Talk:Music of Iran

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Somebody has put a lot of work into this article and I thank him or her but respectfully I am making some adjustments which is in the spirit of Hamyari and not correction and hope will not cause any offence to the learned compatriot who has obliged us with his or her time and effort. I think his/her original idea regarding the ambivilant position of music in Iran was fascinating and I have followed in the same vain.

I am also going to edit a section regarding dastgah and history of Iranian music but I will need help. Can the person who wrote the original article on the Iranian Traditional Music work with me please. Also please all the people who know something about folk music please put in all you know, some of us will edit it into a coherent whole. At the moment I think the article is not up to the standard of some of the comparable sites regarding other musical traditions.

We also need a young withit person to start a section on Iranian POP and rock and edit stuff people write in. How about all the singers from before the revolution or even revolutionary songs, there is a lot of knowledge out there that needs to be collated. It's all anonymous and a bit time consuming but is important to the image of all of us as a people. Deus Ahrimanus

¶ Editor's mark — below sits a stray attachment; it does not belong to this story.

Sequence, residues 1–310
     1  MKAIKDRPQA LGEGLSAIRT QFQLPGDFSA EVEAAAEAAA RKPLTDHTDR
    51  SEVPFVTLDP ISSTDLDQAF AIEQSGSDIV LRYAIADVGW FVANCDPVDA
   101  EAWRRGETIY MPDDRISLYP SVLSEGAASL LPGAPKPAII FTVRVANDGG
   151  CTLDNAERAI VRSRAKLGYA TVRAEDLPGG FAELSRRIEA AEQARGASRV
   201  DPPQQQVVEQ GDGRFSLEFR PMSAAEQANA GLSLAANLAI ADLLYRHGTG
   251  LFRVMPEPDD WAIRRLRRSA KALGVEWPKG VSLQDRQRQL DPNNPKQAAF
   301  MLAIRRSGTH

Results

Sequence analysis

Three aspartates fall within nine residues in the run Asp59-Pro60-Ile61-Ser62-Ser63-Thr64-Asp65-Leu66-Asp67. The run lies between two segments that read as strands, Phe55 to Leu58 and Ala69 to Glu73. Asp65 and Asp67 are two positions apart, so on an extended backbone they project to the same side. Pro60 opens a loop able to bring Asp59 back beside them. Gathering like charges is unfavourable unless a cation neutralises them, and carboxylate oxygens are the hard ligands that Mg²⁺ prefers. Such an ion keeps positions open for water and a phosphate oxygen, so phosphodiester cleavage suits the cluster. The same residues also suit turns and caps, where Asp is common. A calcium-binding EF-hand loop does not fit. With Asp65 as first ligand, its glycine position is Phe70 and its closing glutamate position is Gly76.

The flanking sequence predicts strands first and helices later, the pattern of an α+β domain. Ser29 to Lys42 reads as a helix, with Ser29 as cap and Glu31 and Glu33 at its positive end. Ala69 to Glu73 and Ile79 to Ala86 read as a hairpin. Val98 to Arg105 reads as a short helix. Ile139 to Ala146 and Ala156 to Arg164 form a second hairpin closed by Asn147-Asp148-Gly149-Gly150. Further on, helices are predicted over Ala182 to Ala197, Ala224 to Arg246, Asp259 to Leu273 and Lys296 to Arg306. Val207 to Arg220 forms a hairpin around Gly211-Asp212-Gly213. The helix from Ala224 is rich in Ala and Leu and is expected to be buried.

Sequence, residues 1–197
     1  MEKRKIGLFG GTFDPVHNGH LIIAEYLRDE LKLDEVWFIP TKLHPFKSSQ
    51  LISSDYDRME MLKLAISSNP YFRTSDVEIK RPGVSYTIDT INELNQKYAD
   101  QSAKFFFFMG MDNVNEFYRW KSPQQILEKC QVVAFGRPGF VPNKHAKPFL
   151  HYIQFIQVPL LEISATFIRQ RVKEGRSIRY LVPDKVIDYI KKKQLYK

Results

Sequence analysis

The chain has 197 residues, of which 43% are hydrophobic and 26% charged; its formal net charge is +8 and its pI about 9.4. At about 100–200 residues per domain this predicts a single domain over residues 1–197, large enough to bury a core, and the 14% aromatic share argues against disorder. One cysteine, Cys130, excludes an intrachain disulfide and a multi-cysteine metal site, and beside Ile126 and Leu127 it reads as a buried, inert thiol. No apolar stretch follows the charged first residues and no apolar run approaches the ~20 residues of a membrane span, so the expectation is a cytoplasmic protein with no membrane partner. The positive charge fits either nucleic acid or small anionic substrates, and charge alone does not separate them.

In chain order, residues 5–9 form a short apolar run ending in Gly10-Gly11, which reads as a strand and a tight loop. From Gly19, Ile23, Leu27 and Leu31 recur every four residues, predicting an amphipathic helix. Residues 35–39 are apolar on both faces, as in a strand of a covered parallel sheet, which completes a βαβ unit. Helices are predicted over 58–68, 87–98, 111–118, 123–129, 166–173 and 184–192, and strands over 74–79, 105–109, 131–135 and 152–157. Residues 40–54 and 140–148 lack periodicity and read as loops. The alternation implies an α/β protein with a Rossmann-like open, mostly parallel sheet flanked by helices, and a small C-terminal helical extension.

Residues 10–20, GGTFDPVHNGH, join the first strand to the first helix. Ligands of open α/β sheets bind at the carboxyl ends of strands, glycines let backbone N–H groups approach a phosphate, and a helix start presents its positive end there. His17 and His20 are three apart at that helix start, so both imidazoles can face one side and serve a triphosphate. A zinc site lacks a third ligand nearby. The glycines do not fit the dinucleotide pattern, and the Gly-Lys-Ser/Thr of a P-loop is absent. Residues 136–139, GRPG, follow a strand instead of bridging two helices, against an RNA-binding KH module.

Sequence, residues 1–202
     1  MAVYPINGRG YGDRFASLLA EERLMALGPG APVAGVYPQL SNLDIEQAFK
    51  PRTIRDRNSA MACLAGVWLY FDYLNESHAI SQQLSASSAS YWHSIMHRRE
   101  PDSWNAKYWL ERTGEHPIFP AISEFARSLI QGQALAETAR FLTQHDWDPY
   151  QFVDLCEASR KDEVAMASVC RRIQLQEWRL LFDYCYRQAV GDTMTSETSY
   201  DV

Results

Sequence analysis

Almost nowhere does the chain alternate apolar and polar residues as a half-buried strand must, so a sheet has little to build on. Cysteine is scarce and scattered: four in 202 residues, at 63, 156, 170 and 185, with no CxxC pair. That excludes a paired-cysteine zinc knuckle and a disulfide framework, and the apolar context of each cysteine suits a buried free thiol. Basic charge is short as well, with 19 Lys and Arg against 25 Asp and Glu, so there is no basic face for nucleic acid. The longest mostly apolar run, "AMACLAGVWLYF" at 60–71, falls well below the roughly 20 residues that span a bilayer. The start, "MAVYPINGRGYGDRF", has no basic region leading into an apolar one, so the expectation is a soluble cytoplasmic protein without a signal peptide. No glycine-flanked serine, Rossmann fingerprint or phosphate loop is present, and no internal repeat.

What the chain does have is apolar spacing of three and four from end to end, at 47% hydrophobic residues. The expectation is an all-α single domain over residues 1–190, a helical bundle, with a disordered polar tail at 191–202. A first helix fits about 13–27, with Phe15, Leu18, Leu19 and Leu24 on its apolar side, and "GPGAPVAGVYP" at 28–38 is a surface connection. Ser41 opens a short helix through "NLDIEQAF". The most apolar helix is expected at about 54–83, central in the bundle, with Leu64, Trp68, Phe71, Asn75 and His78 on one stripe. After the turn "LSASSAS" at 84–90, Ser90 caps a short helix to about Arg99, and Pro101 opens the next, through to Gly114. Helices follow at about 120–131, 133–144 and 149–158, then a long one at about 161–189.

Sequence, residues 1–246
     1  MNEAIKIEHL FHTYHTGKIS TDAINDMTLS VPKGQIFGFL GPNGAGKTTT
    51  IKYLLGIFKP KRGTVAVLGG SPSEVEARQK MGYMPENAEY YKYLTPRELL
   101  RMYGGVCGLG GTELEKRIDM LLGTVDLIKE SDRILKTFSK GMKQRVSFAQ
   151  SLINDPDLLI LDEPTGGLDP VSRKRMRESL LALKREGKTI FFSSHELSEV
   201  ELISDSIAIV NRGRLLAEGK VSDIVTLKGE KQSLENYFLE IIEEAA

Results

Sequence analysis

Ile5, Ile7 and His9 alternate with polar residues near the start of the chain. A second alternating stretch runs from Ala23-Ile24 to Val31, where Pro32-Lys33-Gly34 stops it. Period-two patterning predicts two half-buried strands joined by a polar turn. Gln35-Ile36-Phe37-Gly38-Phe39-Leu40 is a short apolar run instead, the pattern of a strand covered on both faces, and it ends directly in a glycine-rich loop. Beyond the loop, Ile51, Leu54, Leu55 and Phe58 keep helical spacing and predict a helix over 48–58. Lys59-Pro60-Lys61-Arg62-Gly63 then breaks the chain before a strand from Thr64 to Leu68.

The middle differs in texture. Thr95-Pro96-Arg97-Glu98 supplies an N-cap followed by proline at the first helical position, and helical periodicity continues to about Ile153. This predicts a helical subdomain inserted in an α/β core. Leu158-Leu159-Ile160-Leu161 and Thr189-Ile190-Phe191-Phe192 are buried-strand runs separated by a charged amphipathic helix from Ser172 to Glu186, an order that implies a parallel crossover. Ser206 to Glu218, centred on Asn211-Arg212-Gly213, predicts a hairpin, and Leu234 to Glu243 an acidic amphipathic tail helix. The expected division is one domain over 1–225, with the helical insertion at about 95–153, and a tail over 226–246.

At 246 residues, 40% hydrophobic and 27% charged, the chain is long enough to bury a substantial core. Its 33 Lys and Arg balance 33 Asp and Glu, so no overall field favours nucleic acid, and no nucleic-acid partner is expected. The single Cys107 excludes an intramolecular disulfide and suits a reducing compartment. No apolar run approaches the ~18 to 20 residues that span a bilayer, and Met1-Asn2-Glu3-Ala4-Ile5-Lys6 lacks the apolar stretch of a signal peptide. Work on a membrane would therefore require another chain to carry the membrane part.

Can I just say that there is someone in the entry in the history of Guitar who removes any reference to Iran, because she says that Iran did not exist before the 20th century. Can a guitarist or music historian sort her out please.

Because you're not a guitarist or a music historian? Well that's an admission from an anonymous coward such as yourself that's nice to hear. 23:05, 13 August 2007 (UTC)

Well are you a historian? And that reference was when I was conversing with Richard. With you I have no problems, you make it too easy. You are just a racist Megan is a racist